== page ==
It seemed highly unlikely that the CA meant to suggest that, if the statement were legally admissible, such admissibility would cure the error in its having been left in the jury room without notice to counsel or the Judge and without the Judge having been asked to rule on admissibility. Indeed, if the statement had been admitted in evidence, it would have been with a direction as to the purpose for which it was relevant and admitted and a warning that itdid not provide independent corroboration of the complainant&s account.

Whether errors were so radical or fundamental as to undermine the integrity of the trial, so that the accused had been denied a fair trial, was a question of degree ( Driscoll v The Queen). In deciding whether defects are “so gross, or so persistent, or so prejudicial, or so irremediable” ( Randall v The Queen) as to amount to denial of fair trial, the critical question was not the strength of the prosecution evidence or the weakness of the defence, but the effect of the defect on trial fairness. In that assessment, important background to what constituted a fair trial was the statement of the “minimum standards of criminal procedure” recognised in s25 New Zealand Bill of Rights Act 1990 (NZBORA) and the “right to justice” contained in s27 of that Act.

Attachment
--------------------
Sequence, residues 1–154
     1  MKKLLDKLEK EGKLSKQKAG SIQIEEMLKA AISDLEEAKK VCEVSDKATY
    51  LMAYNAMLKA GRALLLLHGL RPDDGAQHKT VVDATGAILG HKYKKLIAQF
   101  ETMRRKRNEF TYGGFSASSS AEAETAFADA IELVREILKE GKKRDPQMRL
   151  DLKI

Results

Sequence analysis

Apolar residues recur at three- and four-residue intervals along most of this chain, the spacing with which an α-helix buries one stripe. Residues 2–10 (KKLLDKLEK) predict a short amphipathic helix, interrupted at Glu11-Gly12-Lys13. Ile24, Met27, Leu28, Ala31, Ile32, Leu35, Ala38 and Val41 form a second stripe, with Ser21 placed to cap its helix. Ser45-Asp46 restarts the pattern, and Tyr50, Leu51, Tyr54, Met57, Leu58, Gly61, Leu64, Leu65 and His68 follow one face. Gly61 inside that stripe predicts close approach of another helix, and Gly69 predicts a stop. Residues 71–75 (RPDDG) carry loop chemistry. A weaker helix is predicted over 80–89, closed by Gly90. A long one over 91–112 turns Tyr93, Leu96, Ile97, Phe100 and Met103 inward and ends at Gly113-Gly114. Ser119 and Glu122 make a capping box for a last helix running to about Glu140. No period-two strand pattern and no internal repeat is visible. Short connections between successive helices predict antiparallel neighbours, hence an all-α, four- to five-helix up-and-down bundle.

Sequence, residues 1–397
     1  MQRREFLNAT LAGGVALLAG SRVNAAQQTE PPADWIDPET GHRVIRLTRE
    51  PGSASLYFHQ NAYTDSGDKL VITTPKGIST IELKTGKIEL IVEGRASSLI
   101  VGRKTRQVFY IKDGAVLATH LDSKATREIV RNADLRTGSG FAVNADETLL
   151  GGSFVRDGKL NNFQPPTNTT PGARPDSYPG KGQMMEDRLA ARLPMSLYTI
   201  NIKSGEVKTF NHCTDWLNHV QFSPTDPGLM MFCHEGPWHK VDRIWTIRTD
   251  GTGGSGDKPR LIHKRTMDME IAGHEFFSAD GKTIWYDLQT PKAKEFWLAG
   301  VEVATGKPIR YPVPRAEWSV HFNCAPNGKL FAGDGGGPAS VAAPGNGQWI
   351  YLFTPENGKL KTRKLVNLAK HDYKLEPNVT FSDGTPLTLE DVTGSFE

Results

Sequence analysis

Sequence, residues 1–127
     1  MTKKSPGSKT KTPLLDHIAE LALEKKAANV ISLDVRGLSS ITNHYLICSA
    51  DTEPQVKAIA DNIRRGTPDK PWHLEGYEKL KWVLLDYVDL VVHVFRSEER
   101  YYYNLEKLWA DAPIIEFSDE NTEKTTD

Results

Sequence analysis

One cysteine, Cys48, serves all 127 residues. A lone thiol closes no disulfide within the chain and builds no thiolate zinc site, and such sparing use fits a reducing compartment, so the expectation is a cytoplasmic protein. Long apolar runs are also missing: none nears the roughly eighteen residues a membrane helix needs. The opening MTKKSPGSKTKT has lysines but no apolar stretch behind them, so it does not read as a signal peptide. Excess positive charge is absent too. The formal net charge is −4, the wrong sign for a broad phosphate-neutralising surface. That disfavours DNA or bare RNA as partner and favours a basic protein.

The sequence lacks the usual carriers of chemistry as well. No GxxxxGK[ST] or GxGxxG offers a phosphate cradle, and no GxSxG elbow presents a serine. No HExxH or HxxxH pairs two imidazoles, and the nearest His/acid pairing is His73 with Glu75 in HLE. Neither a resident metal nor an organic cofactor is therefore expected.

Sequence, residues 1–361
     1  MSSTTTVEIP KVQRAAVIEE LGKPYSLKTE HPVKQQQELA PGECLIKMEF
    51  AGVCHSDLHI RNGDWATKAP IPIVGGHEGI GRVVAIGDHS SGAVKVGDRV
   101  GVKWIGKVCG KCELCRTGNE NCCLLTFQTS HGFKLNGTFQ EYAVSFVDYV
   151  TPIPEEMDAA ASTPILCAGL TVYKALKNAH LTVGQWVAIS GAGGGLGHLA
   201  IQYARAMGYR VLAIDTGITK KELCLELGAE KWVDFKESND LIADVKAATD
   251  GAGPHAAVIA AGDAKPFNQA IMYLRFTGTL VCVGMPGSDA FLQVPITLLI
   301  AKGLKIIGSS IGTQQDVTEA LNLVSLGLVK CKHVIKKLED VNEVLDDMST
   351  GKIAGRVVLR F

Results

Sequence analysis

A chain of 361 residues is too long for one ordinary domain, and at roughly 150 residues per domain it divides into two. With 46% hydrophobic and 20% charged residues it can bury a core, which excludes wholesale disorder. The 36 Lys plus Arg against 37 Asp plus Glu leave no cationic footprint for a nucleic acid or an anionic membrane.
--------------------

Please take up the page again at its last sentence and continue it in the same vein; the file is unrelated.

The provision of the two interview transcript documents with the exhibits provided to the jury for the purpose of its deliberations was a serious errorin trial process. It was an essential principle of criminal justice that a criminal charge had to be established only on evidence produced at trial, as was implicit in the presumption of innocence affirmed by s25(c) NZBORA. For that reason, the judge was obliged in criminal trials to impress upon the jury that it could consider only the evidence before the court and nothing else. It had been said by the Supreme Court of the United States that the requirementto consider the guilt of the accused only on the evidence “goes to the fundamental integrity of all that is embraced in the constitutional concept of trial by jury” ( Turner v State of Louisiana).

The inclusion of the two statements in the material available to the jury without the knowledge of the accused, counsel, or the Judge breached fundamental principles of natural justice and was inconsistent with the requirement that the jury had to consider only the evidence adduced at trial. It deprived the appellant of the ability to be heard by the Judge in relation to questions of exclusion and excision and in relation to any directions to be given to the jury. It also deprived the appellant of the opportunity to have his counsel address the jury in relation to any view adverse to the appellant able to be taken from the unauthorised material. And it precluded reconsideration of the conduct of the defence in the light of the information provided.

Where evidence was wrongly admitted by the judge at trial, an appellate court assessed the materiality of the error in the context of a process that had not miscarried except in the admission of the evidence. Where additional information was received by the jury without the knowledge of judge or counsel, assessing whether the error was capable of affecting the verdict entails the sort of speculation the rules of natural justice, affirmed by s27 NZBORA, were designed to preclude.